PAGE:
I have been half-joking that the recognition is for sheer stubbornness—of course I cannot speak for the selection committee, but I like to believe the award is partly a recognition of my commitment to consistently producing an independent comic-book series year-in and year-out and exhibiting at SDCC for so many years that is rooted in the classic adventure comics tradition. Rob Hanes Adventures has always been a labor of love, and I’ve been happy to toil away on it within my tiny little corner of the field, but having the work honored and recognized in this way by CCI and my peers of course goes way beyond whatever recognition I could have ever dreamed!

Below: Video of the 9-slide slideshow presentation used at my spotlight panel

The panel itself went fairly well and we received enthusiastic feedback and response. Many people who attended the panel—many of whom were not familiar with the series—later stopped by to say hi, tell me how much they enjoyed the panel, ask questions, and make purchases. (My 13-year-old son was surprisingly particularly effusive and proud of his old man!)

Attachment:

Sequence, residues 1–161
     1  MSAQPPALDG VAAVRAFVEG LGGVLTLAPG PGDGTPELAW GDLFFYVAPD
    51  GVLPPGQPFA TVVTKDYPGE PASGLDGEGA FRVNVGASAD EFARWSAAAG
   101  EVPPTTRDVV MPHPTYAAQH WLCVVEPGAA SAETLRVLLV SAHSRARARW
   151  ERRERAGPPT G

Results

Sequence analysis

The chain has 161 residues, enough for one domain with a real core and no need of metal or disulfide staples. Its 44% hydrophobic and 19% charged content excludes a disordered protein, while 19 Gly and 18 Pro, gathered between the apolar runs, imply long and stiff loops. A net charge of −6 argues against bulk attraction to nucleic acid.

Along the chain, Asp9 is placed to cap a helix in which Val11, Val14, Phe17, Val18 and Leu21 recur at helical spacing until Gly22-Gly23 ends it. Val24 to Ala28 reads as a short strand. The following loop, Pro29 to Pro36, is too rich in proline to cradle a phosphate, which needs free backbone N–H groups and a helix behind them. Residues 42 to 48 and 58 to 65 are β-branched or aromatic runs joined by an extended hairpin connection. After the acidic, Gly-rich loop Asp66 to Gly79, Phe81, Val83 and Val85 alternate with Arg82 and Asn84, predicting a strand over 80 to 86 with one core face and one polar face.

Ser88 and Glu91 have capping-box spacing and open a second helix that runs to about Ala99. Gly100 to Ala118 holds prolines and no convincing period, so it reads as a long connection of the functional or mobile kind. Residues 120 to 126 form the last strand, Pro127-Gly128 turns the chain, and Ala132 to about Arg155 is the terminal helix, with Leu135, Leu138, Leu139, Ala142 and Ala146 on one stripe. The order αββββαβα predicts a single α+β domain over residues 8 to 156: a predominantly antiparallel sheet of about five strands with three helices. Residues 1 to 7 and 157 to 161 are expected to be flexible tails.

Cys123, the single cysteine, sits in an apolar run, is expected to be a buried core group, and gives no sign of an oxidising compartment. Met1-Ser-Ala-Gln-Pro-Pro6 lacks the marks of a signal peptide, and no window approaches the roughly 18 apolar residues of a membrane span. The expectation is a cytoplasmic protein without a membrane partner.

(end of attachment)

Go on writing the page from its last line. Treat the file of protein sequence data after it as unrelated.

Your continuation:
And as I mentioned earlier, Barry turned out to be an outstanding moderator and panel partner—though I had no trouble talking about myself or the series once I got started, he always had a question ready to throw out when I had exhausted myself with anecdotes. I was impressed by the depth of his questions, confirming he really is a fan of the series! I can think of no better compliment than the fact that Scott Brick, an old hand at moderating these panels, also said Barry did a terrific job. I was glad when Barry told me he had a lot of fun too.